Education in Omaha & Council Bluffs:

Post-Secondary Attendance & Completion

post-Secondary 1

Regardless of race or socioeconomic status, less than half of all students who start college will graduate within 6 years.

Let's Break It Down

Among lower income students, Black students are more likely to enroll, but are less likely to complete college.

Of the students who graduated high school in 2009, White students had the highest college enrollment rate. When looking at the data by income level, lower income Black students (those who receive a free or reduced lunch, FRL) have a higher enrollment rate than White or Hispanic lower income students. Regardless of race or socioeconomic status, fewer than half of all students who start college in our community will graduate within six years. Data in this area was not available for Pottawattamie County schools.

Why Does It Matter?

Higher education, whether it be college or other vocational training, directly corresponds to greater earning potential.

College completion rates can have a significant effect on a person’s future salary and earnings. For some professions, educational attainment levels correspond directly with a greater earning potential. Locally, people with a bachelor’s degree earn $18,000 more annually than those without a college degree.

The time it takes to finish a secondary education program also impacts whether students complete the program. Research shows that the more time students spend working on their degree, the less likely they are to graduate. Six years—or graduating within 150% time following high school—is a common benchmark used to measure college completion. Students who take longer than six years to earn a degree often drop out.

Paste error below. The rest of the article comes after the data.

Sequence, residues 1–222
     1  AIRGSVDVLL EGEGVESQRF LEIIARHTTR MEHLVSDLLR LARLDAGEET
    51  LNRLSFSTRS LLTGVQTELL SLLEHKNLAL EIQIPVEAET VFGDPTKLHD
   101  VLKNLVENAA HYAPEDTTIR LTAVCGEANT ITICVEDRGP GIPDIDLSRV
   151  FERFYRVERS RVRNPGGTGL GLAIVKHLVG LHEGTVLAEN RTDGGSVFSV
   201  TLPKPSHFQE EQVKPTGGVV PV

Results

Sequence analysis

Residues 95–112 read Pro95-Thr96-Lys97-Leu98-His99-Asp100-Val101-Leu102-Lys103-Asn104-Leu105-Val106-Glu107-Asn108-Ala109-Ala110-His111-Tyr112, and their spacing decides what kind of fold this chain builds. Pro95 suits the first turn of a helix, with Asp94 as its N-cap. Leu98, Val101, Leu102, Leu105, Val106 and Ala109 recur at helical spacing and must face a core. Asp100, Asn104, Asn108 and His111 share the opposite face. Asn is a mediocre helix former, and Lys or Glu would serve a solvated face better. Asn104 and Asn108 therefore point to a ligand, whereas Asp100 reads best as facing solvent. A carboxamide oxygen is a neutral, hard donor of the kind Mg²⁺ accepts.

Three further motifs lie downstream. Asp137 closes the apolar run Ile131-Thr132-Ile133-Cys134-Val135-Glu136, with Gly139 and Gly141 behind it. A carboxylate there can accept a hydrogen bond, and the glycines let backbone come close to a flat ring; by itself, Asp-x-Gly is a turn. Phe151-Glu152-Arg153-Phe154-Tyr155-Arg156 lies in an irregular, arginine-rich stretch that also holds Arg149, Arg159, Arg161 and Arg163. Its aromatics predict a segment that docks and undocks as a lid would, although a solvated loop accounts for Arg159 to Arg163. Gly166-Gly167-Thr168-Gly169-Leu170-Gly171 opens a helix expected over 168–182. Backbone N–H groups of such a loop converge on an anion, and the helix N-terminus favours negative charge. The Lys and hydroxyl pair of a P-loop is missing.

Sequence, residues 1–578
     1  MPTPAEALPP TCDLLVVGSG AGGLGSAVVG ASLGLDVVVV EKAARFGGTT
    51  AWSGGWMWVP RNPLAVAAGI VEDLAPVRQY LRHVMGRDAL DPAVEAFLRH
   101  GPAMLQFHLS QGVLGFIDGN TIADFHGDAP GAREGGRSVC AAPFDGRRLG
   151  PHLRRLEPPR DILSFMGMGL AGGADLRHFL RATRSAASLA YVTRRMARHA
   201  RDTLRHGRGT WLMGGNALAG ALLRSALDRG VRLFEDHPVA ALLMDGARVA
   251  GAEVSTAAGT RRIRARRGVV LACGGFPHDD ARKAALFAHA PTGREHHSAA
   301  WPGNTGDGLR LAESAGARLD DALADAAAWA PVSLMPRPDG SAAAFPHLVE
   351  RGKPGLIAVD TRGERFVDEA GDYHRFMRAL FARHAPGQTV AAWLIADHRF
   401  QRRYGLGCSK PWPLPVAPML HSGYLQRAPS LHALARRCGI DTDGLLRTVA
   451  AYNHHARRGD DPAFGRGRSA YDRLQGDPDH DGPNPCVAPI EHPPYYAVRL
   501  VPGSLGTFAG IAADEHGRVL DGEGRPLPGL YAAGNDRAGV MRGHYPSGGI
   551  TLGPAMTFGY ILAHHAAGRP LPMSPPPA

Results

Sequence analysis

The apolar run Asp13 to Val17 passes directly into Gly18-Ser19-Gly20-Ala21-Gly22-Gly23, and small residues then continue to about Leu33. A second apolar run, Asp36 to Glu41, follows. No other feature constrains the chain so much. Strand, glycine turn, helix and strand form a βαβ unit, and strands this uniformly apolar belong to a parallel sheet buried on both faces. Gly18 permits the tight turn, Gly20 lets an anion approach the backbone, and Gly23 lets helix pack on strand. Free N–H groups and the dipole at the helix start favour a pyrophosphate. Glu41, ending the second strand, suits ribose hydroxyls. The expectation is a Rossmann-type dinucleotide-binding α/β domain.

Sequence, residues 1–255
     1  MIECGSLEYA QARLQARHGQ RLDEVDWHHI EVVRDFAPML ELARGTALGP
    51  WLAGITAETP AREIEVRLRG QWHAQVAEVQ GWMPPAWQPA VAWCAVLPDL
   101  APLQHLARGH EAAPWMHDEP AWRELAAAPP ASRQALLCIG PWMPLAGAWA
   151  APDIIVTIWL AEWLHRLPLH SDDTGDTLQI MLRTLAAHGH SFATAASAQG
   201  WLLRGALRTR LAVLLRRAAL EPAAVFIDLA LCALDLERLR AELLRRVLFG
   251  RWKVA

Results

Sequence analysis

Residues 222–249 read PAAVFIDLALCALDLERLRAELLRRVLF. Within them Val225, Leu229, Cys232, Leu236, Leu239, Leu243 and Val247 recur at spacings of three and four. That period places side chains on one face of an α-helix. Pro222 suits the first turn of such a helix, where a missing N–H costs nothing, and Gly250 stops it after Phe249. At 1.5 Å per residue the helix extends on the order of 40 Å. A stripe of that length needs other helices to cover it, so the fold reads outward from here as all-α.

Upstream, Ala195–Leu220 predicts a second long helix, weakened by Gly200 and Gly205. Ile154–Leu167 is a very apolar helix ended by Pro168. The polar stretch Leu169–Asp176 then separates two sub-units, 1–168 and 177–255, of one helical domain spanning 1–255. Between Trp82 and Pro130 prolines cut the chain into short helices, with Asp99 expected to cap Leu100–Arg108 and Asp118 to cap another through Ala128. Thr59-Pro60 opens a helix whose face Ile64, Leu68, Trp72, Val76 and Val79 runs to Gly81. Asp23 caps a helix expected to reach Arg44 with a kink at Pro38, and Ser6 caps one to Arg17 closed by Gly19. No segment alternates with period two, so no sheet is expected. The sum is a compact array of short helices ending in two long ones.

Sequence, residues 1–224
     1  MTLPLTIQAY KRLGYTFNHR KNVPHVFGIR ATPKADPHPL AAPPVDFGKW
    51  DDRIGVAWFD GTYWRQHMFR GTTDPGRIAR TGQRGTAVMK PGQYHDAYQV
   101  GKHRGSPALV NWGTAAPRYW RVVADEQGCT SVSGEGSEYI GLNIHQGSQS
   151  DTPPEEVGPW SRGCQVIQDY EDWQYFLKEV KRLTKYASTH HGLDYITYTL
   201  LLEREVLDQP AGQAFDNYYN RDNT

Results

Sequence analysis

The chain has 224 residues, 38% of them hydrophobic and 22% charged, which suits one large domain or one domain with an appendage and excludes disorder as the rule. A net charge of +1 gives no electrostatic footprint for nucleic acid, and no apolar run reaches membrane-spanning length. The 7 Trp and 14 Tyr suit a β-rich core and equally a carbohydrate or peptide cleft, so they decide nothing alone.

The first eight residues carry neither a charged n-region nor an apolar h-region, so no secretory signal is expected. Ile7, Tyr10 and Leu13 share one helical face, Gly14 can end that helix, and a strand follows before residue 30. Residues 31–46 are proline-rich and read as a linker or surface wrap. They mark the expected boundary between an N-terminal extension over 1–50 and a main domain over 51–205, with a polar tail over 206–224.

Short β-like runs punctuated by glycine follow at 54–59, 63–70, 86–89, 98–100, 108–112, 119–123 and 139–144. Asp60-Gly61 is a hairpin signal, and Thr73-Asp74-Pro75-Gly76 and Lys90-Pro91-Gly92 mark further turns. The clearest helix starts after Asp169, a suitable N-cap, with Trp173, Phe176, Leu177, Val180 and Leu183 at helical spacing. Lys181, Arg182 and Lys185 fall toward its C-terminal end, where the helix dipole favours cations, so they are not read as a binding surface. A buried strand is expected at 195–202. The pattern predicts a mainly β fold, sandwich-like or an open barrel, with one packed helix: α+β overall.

While there are many reasons why students may not compete their degree, research points to remedial coursework as a barrier. Students who enter college without high enough grades or low testing scores may be required to take remedial coursework. One study estimated that Bachelor’s level students who had to take a remedial course were 74% more likely to drop out. Further complicating matters, remedial coursework incurs tuition charges, but does not come with any earned college credit. This increases the total cost of higher education and the time it takes to earn a degree.

How Do We Compare?

More students in our community start and finish college compared to national rates.

Nationally, 70% of students who completed high school in 2009 began post-secondary education of some kind. Locally, the rate was 77%.

Nationally, 31% graduated from a two-year institution and 40% graduated from a four-year institution (for the 2008 cohort). This is on par with 36% of Douglas and Sarpy county students graduating from post-secondary within 6 years (or within 150% of the time).

Data Source: Nebraska Department of Education, National Center for Education Statistics

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